I was recently informed, though, that my foraging practice has led to me seeing the world a little differently -- perhaps a bit more mindfully -- than I had before. Upon reflection, I realized it’s true; nature, after all, is our first and greatest teacher. And so I’m going to share with you six mindfulness lessons I’ve learned from the plants.
You Need to Stop
You can’t charge through the woods or field and expect to find much (except maybe a tree branch to the face). It’s in the slowing down that we find the most value. Charging through life doesn’t work that well, either; we miss so many small, miraculous moments that way.
Change Your Angle
Now that you’ve stopped to look, it’s time to see. Nature doesn’t grow food in a nice row the way a farmer does. You must examine your surroundings from all different sides: up, down, forward, back, and under. Think, “If I were a plant, how would I grow?” It’s not dissimilar to using empathy or looking at a situation from a new perspective.
Use All Your Senses
Plants are most often identified by sight, it’s true, but your other senses can tell you a lot. Nettles, for instance, are almost always smelled (or felt, if you’re unfortunate) before they’re seen. One of the ways of identifying mullein is by feeling the softness of its hairy leaves. And that odd thunking noise? That’s the sound of walnuts falling to the ground. When we move through life with all of our senses in play, we gain a fuller, richer experience.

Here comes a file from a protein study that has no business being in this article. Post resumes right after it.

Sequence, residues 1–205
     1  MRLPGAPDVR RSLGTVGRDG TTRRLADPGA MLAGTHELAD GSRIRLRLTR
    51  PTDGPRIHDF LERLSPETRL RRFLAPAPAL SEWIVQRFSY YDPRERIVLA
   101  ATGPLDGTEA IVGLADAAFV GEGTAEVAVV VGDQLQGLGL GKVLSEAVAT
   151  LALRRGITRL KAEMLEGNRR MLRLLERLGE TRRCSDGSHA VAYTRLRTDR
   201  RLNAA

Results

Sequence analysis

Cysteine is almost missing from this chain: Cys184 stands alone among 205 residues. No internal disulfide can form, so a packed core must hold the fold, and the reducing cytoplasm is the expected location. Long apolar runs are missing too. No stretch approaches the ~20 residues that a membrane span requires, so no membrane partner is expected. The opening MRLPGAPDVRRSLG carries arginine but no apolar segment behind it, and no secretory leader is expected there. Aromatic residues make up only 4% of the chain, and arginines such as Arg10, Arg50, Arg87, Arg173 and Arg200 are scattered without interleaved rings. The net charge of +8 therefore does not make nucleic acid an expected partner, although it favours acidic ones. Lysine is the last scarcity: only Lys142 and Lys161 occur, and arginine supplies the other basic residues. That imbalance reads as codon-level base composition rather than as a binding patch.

Enjoy the Unexpected
Not all surprises are bad. Sometimes I’ll find plants growing in unexpected places, like the yarrow that sprung up in the hell strip between my sidewalk and street, or the mint that escaped from the garden and is now growing from the cracks in the driveway. Look for beauty in surprising places.
Not everything is surface level; sometimes, like in the case of day lily tubers, you have to dig down through the dirt to find what you want. I find that people are the same: our true treasure is not on the surface but within ourselves.
Don’t Push It
Looking too hard can be frustrating and anxiety-producing -- which is the opposite of what we want. Sure, there are times when we need to seize the day, but I’ve found that relaxing and letting go can be just as rewarding. Be patient. What nature intends us to find, we will find.